One women had a virus that caused both chronic nerve pain and depression. One tier two drug fixed both, but the insurance company wants her to take a tier one generic, but there is no generic for the drug. So insurance is telling Dr. Levi to prescribe two separate tier one drugs that she says won't be as effective.
"It shouldn't be any fighting whatsoever, because most health plans, if you have tried that generic between that four and six-month period and for any reason, for any reason if that doctor, patient contacts and says it's not working or they're having side effects, almost every health plan will automatically go to tier two," responded Jeff Drozda, the CEO of the Louisiana Association of Health Plans in Baton Rouge. This agency represents the insurance industry in the state.
The insurance industry says that four to six-month period for trying a generic was professionally determined because patients' bodies change and tier two drugs can be eight times more costly than tier one. They say both healthy patients and low premiums for customers are the goal.
"If a patient or a doctor feel that tier one does not work, they just make the request and most health plans will automatically approve that tier two. The studies show that if you don't take your, if you can't afford your medication, you're not going to take it, and that's not in the best interest for a health plan or physician, or most importantly for a patient," added Drozda.
He said prior authorization is a click of a form online. But Dr. Levi and her staff spend hours a day, filling out one of 219 different forms for prior authorizations. There are cases after cases of denials and appeals with 30-day waiting periods.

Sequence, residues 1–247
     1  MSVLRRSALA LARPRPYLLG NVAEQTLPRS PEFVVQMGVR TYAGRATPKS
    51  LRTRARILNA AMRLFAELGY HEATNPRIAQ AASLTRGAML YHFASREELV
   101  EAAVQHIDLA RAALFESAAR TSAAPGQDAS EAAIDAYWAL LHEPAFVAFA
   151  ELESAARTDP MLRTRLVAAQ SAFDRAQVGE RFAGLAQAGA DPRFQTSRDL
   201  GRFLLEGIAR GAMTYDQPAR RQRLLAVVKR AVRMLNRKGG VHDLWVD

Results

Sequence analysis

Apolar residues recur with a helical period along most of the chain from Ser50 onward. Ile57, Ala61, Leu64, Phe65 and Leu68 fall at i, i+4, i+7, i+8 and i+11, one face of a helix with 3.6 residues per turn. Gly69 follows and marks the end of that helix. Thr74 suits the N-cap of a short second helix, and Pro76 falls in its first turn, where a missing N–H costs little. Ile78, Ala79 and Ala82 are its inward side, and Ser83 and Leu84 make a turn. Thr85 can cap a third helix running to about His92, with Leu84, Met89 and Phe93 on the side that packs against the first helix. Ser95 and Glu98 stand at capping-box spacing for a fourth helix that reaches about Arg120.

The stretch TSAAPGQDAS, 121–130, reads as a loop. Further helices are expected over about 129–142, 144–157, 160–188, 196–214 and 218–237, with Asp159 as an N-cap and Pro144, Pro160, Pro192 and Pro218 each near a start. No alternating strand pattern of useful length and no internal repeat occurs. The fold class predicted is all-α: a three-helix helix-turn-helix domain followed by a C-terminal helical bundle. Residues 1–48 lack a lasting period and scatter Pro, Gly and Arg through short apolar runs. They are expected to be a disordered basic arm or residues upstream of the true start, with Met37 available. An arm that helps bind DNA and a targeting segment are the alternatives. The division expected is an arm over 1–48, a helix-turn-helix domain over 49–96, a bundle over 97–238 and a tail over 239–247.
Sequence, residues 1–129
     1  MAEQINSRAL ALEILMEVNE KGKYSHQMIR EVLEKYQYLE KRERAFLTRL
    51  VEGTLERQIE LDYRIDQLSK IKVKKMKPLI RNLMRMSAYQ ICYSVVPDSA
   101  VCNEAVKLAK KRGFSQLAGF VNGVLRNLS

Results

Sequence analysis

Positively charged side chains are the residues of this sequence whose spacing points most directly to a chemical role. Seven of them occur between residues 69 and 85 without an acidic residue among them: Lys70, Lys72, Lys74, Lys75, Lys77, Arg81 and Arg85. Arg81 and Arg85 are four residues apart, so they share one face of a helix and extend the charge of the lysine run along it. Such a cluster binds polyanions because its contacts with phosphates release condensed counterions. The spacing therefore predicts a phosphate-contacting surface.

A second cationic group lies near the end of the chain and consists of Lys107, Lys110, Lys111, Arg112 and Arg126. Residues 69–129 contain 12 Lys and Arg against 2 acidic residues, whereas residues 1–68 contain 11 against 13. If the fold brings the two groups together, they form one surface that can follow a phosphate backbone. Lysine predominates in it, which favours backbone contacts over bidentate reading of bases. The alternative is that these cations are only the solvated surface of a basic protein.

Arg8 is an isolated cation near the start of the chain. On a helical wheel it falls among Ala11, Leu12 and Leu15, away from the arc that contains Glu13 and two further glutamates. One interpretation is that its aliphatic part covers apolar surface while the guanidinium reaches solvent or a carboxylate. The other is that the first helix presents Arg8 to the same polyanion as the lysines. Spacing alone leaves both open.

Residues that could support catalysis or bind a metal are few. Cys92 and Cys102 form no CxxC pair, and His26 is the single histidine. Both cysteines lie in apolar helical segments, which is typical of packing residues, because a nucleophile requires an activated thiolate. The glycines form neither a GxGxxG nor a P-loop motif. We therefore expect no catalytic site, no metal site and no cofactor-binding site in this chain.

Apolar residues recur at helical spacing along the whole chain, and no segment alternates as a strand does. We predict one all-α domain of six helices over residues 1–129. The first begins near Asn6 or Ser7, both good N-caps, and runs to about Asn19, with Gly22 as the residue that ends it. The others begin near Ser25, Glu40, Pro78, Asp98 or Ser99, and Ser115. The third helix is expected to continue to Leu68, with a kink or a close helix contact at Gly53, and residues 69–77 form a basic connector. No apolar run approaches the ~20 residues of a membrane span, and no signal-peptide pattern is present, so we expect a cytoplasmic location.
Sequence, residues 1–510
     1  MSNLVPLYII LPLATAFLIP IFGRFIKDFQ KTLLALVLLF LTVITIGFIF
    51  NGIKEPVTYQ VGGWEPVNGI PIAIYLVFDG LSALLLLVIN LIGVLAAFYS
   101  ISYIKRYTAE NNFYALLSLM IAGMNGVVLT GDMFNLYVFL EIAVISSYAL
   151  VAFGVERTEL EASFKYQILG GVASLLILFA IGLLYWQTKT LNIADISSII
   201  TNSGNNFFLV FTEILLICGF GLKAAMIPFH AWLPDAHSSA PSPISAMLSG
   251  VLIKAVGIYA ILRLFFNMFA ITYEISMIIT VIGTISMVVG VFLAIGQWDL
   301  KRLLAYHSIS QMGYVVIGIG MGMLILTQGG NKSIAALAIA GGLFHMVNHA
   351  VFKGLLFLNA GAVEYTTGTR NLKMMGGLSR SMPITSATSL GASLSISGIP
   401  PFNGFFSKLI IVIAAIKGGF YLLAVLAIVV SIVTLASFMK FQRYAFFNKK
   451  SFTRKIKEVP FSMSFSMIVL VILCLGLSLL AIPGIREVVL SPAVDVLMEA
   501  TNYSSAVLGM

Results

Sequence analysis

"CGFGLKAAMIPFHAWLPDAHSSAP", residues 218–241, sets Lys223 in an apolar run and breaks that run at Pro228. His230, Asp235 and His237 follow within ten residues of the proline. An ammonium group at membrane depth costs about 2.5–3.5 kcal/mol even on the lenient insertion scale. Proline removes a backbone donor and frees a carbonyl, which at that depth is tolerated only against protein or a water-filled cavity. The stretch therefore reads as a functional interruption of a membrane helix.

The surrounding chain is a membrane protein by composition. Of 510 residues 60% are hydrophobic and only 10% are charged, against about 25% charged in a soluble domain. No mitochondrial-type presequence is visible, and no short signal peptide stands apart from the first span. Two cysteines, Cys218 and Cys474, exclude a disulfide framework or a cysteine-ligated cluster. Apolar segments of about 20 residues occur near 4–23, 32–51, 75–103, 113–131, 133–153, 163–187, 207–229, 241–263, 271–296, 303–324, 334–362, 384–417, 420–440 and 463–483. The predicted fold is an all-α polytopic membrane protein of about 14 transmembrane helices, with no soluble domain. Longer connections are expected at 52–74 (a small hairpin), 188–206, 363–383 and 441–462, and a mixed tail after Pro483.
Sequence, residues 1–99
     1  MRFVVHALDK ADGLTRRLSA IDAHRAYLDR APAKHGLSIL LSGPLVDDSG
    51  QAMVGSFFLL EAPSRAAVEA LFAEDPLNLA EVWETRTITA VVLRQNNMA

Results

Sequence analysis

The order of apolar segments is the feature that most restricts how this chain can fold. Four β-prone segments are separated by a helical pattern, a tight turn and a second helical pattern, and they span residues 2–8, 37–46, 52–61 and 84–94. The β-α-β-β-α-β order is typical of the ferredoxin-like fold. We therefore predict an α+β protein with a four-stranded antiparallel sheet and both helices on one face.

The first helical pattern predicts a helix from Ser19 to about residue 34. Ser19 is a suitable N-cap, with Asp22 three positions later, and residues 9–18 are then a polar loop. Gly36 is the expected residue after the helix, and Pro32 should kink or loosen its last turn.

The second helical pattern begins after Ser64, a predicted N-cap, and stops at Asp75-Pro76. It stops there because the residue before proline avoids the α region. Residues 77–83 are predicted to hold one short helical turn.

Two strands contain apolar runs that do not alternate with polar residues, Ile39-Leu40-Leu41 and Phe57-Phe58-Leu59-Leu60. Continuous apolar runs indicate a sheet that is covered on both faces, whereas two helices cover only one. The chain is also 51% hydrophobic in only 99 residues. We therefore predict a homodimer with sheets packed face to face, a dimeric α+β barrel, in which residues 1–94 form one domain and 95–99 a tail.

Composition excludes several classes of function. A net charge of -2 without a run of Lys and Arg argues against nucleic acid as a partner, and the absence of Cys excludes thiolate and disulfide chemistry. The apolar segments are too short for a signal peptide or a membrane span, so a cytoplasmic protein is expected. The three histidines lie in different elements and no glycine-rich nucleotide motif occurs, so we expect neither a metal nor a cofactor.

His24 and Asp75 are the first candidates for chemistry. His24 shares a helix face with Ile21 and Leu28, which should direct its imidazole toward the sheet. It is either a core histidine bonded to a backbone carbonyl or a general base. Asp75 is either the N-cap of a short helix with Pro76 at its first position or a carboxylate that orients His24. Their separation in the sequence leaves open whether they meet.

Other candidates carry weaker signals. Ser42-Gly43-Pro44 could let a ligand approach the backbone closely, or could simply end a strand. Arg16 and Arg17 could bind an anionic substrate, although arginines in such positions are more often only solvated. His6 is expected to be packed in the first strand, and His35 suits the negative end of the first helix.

"I've got to do something because failure is not an option. I have to get the patient the medication," Dr. Levi insisted.
She constantly asks pharmaceutical companies for special programs and samples. She says Medicaid has only one prior authorization form. But the insurance industry says doctors wanted all the forms, one for each illness.
"No one's telling any doctor how to practice medicine. Matter of fact, most, I should say every single health plan, at least in Louisiana, they have doctors. They have nurses on staff in terms of how they determine what's on their formulary. They have doctors, physicians, pharmacists that all come together to determine what is the best medication to put on which tier," explained Drozda.
"Why should a professional person, who's trying to do her job to take care of American citizens, be forced to either violate her oath or violate the law in order to do what I know is right?" Dr. Levi said. "Why should I go through that every day? I can tell you, that is why physicians my age (early 50's) and older are getting out of the business. They're sick of it. They're burned out. They don't see hope for the future. I'm going to fight and I'm going to get the patients the medications they need, but we need help. We need some relief from this system."
Dr. Levi is now attaching "Act 144" to the denials she is appealing. It's already on the books stating that doctors can challenge step therapy decisions. She says most doctors don't know about it.
She is waiting to see if it has any teeth in overturning her patient denials.
There is also a bill in this session calling for fewer prior authorization forms.